It’s been a long time since Gil Hovav lived in his birthplace of Jerusalem. The Israeli food writer and TV personality visits frequently, but didn’t need to actually go there to write his most recent book, “Candies from Heaven,” the third in his trilogy of memoirs.
The slim volume was written from the desk in Tel Aviv, with just his memories and images as the basis for the book that keeps Hovav’s droll, ironic tone as intact as ever, even when translated from Hebrew. (Ira Moskowitz translated the book to English).
The memoir, a collection of essays with a recipe to close each chapter, takes readers back to Jerusalem of the 1960s and 1970s, when Hovav was growing up with his eccentric, talented parents, along with his grandmother and brother.
There are tales of summer soccer games, trips downtown with his grandmother, Mooma, the adventures of hot summers in the city, and the love and humor of his large, extended family, ever-present at holiday gatherings and in the day-to-day experiences of Hovav’s young life.
There is the food as well, from more familiar recipes like “Oven-roasted potatoes” and “Mejadara,” to more esoteric fare, like “Candies from Pomelo Whites” and “Quince Candies.”
It all takes place in a city that was far different than the Jerusalem of today. Yet even now, on a cold, wet winter morning, Hovav sat in Talbieh, the restaurant under the Jerusalem Theater — and, in between being recognized by local fans, reminisced about the city of his youth.
“It’s changed so dramatically,” said Hovav. “It’s not necessarily changed for the bad; for me, it’s now just a tourist destination.”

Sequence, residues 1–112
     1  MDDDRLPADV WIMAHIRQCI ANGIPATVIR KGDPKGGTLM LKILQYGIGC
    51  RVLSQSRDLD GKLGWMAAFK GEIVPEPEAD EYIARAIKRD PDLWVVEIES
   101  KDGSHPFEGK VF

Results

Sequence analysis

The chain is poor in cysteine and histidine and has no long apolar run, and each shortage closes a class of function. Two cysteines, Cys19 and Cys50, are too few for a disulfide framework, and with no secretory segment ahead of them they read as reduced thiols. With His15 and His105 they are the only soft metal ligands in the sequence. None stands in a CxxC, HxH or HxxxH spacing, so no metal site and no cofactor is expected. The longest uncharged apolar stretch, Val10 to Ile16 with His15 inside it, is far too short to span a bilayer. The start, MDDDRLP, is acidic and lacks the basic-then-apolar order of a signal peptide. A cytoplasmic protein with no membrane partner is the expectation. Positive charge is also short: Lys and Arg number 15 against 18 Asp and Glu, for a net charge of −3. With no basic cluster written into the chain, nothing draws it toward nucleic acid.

“Jerusalem is like nothing else,” Hovav continued. “It was like East Berlin, an enclave. You had to travel through a narrow corridor to get to Jerusalem, the border was always present, and yet it was the capital city, where the important university was, where culture happened, it was everything.”
It was the “whole world in a nutshell, a special place to grow up,” he said. “I can show you the best hiding places.”
מתכון הסוכריות מהלבן של הפומלות מבית מטבחה של מומה זכה לכבוד גדול – צולם על ידי דייב כץ (הלוואי שאצלי הן היו נראות ככה!)…
The family lived in Katamon, in south-central Jerusalem, on the edge of a magical forest grove, one of several in the city, where young Hovav captained a ship on the mast of a massive rock, and played soccer with his neighborhood friends on a piece of flat ground, just beyond that ship.
“I would sit here every evening and sail away,” said Hovav, pointing out the boulder now partially covered by lichen, although the reserve is still intact, a verdant piece of forest still regularly visited by neighborhood children and adults strolling through.
Times were tense, too, and Hovav well remembers being a small child of five when the Six Day War broke out in 1967, and the family spent four days living in their building’s shelter.
He recalled running alone in the street during heavy gunfire, as the whole grove was filled with tanks and soldiers and was heavily bombed during the brief, but intense war.
“The tanks were everywhere,” he said. “The only time we left the shelter was to run to the corner store to get bread and milk.”
He pointed to a small grocery store that still exists on HaPalmach Street, a later iteration of the corner store of his youth.
Hovav loves the memories, even the more frightening ones, and the beauty of the city where he was raised. Tel Aviv, he said, “is so ugly,” and Jerusalem is so majestic. The weather, the clear air and the fact that it’s different. Tel Aviv isn’t everything.”
Still, he left for good when he graduated Hebrew University at 25, and not one of his generation of friends and family is left in the city; they’re either living on the outskirts of Jerusalem or in Tel Aviv.
“It’s too religious,” he said, thinking of why they all left. “It’s tense and it’s poor and it’s not very friendly. As a place to visit, it’s amazing.”
The book is an ode to that city of yore, as well as to his beloved family.
“The mixture of Jerusalem and my weird family gave me a lot to write about,” he said.
The Hovavs lived on Mevoi Yoram, a short street that dead ended at the grove, and was named after a soldier who died in the 1948 war. Their building was small but elegant, just four apartments occupied by them, one of Hovav’s aunts and two other sets of neighbors.